be there for Romney in the fall. But that one about the income -- that
jumps out of me where he gets the high income voters and he losses
everybody else. That might speak to something that`s broader than just,
you know, within the Republican Party. That might transcend ideological
and partisan lines. And if that speaks to basically an inability to
connect with blue-collar, middle class voters on Romney`s part, that has a
huge consequence for the Republicans in the fall if Romney is the
candidate.

Because, you know, Tad talked about, you know, the problems
Republicans have increasingly with Hispanic voters, now because of the
contraception thing, with women, specifically single women voters. They
really need, if they`re going to be hurt with those groups, they really
need a big turnout and big support from the sort of white working class
voters who swung hard to the Republicans in the 2010 midterms. They`re
really going to need at this fall. And those exit polls last night, what
we`ve seen this whole primary process, say to me that there`s a potential
that Romney will not be able to capitalize on those voters the way
Republicans need to in the fall.

SHARPTON: Tad, that`s what I wanted to really talk, Tad, because does
what we`re seeing now change is really the political landscape to where
the Republican Party and the Democratic Party really are becoming defined a
lot differently than we`ve seen in the past and Republicans more extreme.
The poll`s even saying, if you look at it, President Obama beats Romney 54
to 42. Beats Santorum, 57 to 39. But aside from the politics, it seems
that the President has been able to be more mainstream party, which once
was perceived when I was a kid as being headed to extreme left. And the
Republicans, with Romney submitting to the right, seems to be have gone all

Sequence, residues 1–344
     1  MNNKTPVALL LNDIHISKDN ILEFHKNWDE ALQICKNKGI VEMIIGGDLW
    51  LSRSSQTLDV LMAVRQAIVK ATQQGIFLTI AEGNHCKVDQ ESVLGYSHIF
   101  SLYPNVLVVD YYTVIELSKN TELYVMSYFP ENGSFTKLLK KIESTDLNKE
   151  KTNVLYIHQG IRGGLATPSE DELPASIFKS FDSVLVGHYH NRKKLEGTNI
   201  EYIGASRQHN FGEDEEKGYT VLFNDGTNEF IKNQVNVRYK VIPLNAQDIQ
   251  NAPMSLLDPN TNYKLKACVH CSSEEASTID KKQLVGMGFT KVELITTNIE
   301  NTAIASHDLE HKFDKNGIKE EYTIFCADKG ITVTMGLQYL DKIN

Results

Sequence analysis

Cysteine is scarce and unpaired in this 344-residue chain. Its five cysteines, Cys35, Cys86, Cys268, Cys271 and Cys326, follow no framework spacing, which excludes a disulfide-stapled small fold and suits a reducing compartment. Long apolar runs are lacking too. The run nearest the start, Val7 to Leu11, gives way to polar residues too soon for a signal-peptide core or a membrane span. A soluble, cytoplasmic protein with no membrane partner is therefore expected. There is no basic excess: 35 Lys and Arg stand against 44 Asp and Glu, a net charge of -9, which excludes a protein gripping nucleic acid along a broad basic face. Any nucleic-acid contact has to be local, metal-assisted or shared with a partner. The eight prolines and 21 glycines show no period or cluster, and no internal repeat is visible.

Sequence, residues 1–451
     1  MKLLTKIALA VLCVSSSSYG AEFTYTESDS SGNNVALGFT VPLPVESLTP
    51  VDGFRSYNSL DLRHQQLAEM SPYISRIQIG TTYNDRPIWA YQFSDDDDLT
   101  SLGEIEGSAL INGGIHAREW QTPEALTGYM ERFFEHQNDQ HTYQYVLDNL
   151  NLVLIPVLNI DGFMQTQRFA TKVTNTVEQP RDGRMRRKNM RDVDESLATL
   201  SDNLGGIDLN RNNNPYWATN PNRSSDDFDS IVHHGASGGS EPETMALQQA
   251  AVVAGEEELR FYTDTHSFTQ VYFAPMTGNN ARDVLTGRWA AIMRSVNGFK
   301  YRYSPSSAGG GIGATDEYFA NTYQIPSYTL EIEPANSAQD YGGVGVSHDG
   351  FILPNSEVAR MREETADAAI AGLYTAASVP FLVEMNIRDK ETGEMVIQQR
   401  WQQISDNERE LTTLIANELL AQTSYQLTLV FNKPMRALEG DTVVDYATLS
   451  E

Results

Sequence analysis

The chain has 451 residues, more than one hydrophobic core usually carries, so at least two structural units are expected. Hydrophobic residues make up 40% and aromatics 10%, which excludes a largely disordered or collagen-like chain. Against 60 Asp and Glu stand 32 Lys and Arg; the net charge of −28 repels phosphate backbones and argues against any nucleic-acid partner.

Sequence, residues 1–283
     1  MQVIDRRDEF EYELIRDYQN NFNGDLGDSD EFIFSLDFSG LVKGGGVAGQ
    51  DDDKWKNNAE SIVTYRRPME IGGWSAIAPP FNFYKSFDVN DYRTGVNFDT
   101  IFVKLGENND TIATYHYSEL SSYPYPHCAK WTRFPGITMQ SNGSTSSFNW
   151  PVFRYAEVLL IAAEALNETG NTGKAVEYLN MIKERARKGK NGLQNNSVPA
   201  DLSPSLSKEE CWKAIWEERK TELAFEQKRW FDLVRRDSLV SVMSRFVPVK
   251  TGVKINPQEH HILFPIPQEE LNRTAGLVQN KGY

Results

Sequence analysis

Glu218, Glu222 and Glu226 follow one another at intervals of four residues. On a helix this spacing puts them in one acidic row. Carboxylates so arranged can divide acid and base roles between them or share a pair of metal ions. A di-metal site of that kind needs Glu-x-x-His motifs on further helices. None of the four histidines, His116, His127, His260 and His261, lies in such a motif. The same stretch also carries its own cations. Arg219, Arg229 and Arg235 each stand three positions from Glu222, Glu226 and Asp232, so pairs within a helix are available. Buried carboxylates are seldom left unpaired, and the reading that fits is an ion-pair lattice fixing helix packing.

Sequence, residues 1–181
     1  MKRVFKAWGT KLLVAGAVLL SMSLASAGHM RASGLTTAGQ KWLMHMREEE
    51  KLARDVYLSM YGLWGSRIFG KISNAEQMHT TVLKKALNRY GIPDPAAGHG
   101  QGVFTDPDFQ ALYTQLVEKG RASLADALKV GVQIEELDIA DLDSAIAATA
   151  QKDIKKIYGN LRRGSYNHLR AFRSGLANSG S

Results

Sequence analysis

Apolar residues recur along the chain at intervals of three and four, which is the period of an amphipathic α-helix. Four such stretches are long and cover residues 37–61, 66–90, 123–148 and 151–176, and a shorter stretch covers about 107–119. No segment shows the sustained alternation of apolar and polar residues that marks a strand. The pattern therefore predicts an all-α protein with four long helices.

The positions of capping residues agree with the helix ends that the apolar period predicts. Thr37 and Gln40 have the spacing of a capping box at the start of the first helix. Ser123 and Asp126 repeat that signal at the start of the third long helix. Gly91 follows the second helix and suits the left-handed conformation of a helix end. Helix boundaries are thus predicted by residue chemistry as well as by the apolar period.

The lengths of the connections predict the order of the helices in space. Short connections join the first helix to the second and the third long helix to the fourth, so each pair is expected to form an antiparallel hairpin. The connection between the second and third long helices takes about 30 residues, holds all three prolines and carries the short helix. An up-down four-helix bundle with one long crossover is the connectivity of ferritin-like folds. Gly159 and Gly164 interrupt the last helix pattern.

the way to the extreme right with the most extreme positions. This could
really change the political landscape for some time.

DEVINE: I think you`re right, Reverend. I think what`s happening
right now is the Republican Party is defining itself out of the great
center of American politics. They are pushing themselves so hard to the
right, and if you even look at the exit polls from last night, 50 percent
of the people in Alabama and 50 percent of the voters in -- 52 percent of
the voters in Mississippi said that Mitt Romney is not conservative enough.
I mean, you know, half of the voters in his own primary don`t feel he`s
conservative enough. And I think it`s forcing them to the far right. The
President, I think, has very adroitly begun to occupy the center of
American politics on a broad range of issues, standing up for women`s
health, running foreign policy, the defense policy, which I think people
see as not one which is warmongering, which is what Romney is advocating,
but instead, a very reasonable and responsible course. So, I think the
President is occupying that space, and the more he occupies it, the tougher
will be for Romney or anyone else to move towards it.

SHARPTON: But, Steve, when you hear people say, in exit polls, Romney
is not conservative enough. But then when you see, let me show you some of
the reactions at the debate. When you see how to the right, how extreme
this party is, you can almost understand exit polls, because it`s
unbelievable, like, off the scale. Watch this.

(BEGIN VIDEO CLIP)

BRIAN WILLIAMS, NBC ANCHOR: Your state has executed 234 death row
inmates, more than any other governor in modern times.

(APPLAUSE)

ROMNEY: You will face the ultimate justice in the state of Texas.
And that is, you will be executed.

(CHEERS AND APPLAUSE)

STEPHEN HILL, IRAQ SOLDIER: In 2010, when I was deployed to Iraq, I
had to lie about who I was, because I`m a gay soldier, and I didn`t want to
lose my job. Do you intend to circumvent the progress they`ve made for gay
and lesbian soldiers in the military?

(AUDIENCE BOOS)

(END VIDEO CLIP)

SHARPTON: When you see cheering death penalty, cheering executions,
booing gay soldiers, I mean, the landscape, I keep saying, has changed in
American politics from tolerance and growing to where we`re going off the
deep end.

KORNACKI: Yes, well, I think what`s happened here is two forces have
sort of merged in this 2012 election. One`s very long-term. That`s
demographic and cultural evolution of the Republican Party. It`s become a